A well-to-do English family, with inherited wealth, find that this situation is challenged in the law-courts. They lose the case, and, as with Marryat's Settlers in Canada in a similar situation, decide to emigrate to Canada. This they do, and have enough money to settle there, but not in a grand house: it is only the Log House by the Lake. There are various adventures with sailing and canoeing on the lake, but when the winter comes on, the lake freezes over, and the boys get themselves into a dangerous predicament, from which they only just escape. Unlike with the Marryat story, the decision by the court was valid but the cousin who won the case was a useless administrator of his fortune, and lost it all through bad advice and dishonest acquaintances. What do the family do about it? Read the book, or listen to it, and find out. It's a short book, only three hours to read, and there's a surprise ending for you!According to Wikipedia: William Henry Giles Kingston (28 February 1814 - 5 August 1880), writer of tales for boys, was born in London, but spent much of his youth in Oporto, where his father was a merchant. His first book, The Circassian Chief, appeared in 1844. His first book for boys, Peter the Whaler, was published in 1851, and had such success that he retired from business and devoted himself entirely to the production of this kind of literature, in which his popularity was deservedly great; and during 30 years he wrote upwards of 130 tales, including The Three Midshipmen (1862), The Three Lieutenants (1874), The Three Commanders (1875), The Three Admirals (1877), Digby Heathcote, etc. He also conducted various papers, including The Colonist, and Colonial Magazine and East India Review. He was also interested in emigration, volunteering, and various philanthropic schemes. For services in negotiating a commercial treaty with Portugal he received a Portuguese knighthood, and for his literary labours a Government pension.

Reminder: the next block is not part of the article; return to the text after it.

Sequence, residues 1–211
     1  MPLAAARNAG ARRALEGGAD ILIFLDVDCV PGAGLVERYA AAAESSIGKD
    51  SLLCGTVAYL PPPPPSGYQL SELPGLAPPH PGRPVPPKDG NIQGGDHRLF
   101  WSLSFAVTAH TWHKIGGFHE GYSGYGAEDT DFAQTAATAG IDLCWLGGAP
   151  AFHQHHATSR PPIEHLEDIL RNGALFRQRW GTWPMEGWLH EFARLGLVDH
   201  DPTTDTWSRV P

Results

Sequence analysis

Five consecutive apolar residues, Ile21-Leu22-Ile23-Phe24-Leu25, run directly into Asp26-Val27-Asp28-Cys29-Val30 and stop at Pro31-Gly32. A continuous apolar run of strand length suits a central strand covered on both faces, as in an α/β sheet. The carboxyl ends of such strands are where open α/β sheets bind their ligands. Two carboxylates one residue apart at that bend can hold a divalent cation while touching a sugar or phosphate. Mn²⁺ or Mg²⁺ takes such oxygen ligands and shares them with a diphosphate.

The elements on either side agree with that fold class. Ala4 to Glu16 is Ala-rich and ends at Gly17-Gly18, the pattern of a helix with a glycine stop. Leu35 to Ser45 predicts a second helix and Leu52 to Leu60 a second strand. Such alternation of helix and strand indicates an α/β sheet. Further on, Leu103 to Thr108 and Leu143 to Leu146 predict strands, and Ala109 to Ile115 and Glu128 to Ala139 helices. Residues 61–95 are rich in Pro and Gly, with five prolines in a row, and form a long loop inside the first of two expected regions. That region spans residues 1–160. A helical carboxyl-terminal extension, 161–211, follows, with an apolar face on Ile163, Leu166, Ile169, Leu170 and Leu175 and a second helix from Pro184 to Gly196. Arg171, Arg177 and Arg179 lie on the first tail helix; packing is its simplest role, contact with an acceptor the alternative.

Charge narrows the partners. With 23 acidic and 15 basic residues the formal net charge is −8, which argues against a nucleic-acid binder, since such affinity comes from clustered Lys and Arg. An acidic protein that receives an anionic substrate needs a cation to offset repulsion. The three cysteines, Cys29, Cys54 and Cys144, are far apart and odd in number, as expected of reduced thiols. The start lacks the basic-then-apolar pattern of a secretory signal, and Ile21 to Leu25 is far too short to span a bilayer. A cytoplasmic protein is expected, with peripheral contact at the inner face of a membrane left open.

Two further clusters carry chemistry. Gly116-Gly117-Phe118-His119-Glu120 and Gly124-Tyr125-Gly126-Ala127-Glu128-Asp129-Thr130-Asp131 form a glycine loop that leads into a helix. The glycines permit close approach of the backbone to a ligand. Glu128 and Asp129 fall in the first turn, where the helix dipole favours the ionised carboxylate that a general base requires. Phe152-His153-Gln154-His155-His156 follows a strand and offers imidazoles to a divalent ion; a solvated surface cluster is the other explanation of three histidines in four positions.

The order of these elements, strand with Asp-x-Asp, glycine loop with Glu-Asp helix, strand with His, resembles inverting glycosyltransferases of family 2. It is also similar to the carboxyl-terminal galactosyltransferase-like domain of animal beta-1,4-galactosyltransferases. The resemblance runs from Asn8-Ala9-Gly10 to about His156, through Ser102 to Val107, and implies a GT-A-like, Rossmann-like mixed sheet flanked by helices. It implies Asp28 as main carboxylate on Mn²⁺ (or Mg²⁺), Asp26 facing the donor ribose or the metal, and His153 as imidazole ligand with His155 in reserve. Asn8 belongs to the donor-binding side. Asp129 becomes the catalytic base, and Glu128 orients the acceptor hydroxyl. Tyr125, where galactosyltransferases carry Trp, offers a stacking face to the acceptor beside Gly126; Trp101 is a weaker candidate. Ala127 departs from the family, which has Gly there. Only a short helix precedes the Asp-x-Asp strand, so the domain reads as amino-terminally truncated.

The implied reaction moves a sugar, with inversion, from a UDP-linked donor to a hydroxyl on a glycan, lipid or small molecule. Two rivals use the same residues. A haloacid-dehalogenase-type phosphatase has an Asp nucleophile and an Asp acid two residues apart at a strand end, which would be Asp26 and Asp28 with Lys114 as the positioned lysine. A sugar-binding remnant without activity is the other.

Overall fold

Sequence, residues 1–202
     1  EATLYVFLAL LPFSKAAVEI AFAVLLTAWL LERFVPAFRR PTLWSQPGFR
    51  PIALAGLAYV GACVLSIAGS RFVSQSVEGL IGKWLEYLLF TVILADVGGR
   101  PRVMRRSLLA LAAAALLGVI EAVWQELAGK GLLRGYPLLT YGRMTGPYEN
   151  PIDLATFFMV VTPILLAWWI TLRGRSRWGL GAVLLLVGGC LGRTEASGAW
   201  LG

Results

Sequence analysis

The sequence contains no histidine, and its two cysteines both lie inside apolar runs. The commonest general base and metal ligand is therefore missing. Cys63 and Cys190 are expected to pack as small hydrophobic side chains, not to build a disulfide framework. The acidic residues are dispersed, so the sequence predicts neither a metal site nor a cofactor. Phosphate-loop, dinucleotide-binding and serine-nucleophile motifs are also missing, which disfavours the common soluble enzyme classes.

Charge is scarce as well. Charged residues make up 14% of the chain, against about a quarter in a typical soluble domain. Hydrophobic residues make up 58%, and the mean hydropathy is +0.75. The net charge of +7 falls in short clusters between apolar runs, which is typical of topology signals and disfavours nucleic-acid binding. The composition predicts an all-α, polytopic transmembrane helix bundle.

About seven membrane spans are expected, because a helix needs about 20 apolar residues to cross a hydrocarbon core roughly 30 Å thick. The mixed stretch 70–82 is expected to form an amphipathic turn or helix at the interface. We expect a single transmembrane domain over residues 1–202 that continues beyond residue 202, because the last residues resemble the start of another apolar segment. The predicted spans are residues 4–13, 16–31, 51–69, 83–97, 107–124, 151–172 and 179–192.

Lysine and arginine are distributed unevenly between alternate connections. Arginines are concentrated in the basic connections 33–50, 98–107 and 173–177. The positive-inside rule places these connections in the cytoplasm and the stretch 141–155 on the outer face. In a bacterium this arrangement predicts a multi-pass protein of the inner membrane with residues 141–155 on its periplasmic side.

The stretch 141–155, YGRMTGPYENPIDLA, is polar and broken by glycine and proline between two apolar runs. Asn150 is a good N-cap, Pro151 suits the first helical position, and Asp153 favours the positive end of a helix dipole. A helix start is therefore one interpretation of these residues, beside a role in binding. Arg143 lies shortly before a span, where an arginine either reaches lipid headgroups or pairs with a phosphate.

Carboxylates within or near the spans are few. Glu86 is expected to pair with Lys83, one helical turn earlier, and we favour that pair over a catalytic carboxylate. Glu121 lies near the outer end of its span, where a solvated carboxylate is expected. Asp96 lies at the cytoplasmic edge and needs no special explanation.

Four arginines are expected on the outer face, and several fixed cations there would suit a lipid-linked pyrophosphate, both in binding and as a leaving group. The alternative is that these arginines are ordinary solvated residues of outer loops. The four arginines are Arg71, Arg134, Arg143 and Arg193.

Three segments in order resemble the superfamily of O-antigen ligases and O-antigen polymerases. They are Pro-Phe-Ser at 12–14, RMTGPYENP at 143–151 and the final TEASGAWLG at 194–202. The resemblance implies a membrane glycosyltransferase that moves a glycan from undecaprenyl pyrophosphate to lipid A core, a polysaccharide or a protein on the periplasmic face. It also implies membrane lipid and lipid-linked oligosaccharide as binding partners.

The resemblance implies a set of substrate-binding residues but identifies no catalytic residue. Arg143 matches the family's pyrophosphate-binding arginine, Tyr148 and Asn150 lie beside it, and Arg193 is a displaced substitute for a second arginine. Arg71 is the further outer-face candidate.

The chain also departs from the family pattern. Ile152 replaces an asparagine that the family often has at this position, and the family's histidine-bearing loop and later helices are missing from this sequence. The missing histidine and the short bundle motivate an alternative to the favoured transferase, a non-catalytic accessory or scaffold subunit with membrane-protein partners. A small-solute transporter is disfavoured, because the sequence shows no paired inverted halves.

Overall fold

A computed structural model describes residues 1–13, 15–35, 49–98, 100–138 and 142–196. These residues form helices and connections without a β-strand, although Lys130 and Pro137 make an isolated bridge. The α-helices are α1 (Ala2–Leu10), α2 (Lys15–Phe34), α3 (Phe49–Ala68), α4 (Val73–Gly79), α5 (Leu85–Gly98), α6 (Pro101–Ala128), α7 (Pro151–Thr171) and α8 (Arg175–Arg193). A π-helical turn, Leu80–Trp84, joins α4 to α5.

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B&R Samizdat Express
December 14, 2007
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